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Dublin: 12°C Sunday 9 May 2021

QPR's Ferdinand expected to continue racism snub

The player’s manager, Mark Hughes, claimed he was unlikely to back down from his stance.

Queens Park Rangers' Anton Ferdinand (right) opted not to wear an anti-rascism t-shirt during pre-match training last week.
Queens Park Rangers' Anton Ferdinand (right) opted not to wear an anti-rascism t-shirt during pre-match training last week.

ANTON FERDINAND IS expected to snub the Kick It Out anti-racism campaign once again ahead of Queen’s Park Rangers’ Premier League fixture at Arsenal on Saturday, manager Mark Hughes confirmed on Friday.

Ferdinand was one of several top players who refused to wear the Kick It Out T-shirt before Premier League games last weekend as they feel the equality group haven’t done enough to push for stronger punishment for incidents of racist abuse.

Chelsea’s John Terry was given a four-match ban by the Football Association for racially abusing Ferdinand during a match last year, while Liverpool’s Luis Suarez was hit with an eight-match suspension for the same offence last season.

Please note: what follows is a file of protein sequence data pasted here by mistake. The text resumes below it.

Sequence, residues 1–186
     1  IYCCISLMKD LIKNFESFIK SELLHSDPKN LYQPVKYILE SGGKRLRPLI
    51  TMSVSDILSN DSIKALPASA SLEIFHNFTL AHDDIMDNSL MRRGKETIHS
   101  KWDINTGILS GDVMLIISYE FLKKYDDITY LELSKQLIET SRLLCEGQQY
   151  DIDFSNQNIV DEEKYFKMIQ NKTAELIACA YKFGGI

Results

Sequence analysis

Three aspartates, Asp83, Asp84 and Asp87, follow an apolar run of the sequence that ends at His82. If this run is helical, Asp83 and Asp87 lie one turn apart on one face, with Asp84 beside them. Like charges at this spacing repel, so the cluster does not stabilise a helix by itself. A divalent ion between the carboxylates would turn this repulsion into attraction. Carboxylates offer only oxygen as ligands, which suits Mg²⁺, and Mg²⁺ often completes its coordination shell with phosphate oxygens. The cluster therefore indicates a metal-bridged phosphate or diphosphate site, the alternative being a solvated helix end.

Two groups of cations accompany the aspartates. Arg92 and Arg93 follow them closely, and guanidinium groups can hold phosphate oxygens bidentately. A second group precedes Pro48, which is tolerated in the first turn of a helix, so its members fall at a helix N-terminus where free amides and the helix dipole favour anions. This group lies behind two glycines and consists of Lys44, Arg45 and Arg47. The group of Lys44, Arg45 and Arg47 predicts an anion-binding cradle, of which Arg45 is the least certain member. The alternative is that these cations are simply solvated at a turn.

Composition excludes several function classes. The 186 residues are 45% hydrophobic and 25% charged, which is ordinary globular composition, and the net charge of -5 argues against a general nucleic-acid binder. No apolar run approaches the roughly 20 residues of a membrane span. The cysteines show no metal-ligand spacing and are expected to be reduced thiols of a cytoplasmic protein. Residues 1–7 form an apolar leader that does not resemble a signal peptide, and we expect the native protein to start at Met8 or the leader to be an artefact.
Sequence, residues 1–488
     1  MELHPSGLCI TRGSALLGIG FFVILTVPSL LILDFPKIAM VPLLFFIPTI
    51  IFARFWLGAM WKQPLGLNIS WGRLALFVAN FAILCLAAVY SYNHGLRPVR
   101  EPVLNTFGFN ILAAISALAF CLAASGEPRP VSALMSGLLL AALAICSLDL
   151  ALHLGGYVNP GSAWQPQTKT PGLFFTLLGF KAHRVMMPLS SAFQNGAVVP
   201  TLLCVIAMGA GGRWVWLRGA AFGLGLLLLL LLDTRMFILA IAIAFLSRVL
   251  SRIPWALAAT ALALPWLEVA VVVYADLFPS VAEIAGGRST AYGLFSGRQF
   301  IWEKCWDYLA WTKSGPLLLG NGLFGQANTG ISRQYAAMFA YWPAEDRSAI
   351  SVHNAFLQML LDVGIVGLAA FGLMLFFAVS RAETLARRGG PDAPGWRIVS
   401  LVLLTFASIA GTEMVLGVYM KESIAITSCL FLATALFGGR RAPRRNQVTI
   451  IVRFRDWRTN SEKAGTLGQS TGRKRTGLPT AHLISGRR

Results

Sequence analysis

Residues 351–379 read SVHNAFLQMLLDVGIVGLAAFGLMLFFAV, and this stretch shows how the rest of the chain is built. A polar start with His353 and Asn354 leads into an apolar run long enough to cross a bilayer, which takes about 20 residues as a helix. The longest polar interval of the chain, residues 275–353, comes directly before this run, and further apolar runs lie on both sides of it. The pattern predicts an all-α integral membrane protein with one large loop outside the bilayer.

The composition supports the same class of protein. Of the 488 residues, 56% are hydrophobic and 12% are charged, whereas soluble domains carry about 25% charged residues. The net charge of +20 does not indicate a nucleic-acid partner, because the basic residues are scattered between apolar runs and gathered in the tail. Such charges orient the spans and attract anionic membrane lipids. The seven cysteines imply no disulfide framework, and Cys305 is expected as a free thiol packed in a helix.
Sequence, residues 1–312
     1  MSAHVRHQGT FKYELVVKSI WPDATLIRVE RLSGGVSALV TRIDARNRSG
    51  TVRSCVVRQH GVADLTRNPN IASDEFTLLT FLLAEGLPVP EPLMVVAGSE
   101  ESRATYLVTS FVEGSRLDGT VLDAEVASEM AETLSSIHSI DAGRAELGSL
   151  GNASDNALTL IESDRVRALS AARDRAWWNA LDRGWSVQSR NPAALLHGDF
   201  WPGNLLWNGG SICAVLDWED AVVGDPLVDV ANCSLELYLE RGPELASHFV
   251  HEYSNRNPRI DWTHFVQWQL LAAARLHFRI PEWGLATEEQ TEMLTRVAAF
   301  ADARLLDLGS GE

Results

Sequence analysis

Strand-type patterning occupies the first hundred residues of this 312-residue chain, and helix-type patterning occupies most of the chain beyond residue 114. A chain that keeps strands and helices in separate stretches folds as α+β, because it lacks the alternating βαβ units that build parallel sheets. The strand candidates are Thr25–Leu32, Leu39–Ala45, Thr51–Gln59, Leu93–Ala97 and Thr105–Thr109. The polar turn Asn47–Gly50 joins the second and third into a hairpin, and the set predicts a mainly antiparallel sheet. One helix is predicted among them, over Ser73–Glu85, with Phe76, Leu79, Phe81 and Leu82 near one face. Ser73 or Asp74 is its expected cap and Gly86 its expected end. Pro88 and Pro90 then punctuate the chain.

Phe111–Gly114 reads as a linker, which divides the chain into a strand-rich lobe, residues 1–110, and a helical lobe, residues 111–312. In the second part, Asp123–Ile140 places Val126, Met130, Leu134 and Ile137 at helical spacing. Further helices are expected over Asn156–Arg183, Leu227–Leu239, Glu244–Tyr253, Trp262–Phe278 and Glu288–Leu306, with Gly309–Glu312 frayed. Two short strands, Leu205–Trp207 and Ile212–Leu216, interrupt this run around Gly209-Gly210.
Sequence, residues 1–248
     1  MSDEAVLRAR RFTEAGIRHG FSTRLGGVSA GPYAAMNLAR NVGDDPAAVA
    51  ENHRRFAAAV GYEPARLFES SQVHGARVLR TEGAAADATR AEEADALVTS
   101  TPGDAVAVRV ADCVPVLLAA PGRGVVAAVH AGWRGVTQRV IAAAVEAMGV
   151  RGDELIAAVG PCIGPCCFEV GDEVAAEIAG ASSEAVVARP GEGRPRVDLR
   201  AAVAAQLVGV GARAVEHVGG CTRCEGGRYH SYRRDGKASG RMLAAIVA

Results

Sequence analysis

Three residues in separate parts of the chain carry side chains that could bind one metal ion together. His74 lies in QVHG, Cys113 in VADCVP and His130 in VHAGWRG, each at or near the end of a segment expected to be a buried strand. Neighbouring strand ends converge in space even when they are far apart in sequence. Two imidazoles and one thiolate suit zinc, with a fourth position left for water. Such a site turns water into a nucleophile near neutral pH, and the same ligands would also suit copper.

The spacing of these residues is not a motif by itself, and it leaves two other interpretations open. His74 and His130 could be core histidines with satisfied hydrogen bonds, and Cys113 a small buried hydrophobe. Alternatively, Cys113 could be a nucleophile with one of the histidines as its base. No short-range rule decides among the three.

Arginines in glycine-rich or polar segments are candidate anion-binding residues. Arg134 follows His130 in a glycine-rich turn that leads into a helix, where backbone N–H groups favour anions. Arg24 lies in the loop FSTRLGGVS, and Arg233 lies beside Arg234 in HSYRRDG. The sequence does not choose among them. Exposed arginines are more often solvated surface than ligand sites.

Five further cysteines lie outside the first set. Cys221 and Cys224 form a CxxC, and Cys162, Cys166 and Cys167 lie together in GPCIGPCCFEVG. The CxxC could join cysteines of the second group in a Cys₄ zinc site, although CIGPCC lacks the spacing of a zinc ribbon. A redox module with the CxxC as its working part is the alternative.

Anton and his brother Rio Ferdinand, the Manchester United defender, released a statement on Wednesday drawing a line under the row, but Hughes is not certain Ferdinand will wear the T-shirt at the Emirates Stadium this weekend.

“I’ve not discussed it with him this week. Obviously he didn’t last weekend and nothing’s changed to any great extent. Statements have been made,” Hughes said.

“I’m not sure if Anton or any of the other guys who felt that they didn’t want to wear the T-shirt will wear it this weekend.

“He made his feelings known in that regard, and there hasn’t been that much more water under the bridge since he made the decision not to wear it against Everton, so probably he won’t wear it again.

“I don’t know. Maybe with the statement he’s brought out he’ll feel he’ll want to support it.

“I think Anton and his brother just made it clear that the PFA and FA and the Kick it Out campaign have done great work in the past and will do great work in the future.

“I think the point was made that we’re at a point in time now when people feel they need to discuss things possibly in greater detail and air their grievances.”

- © AFP, 2012

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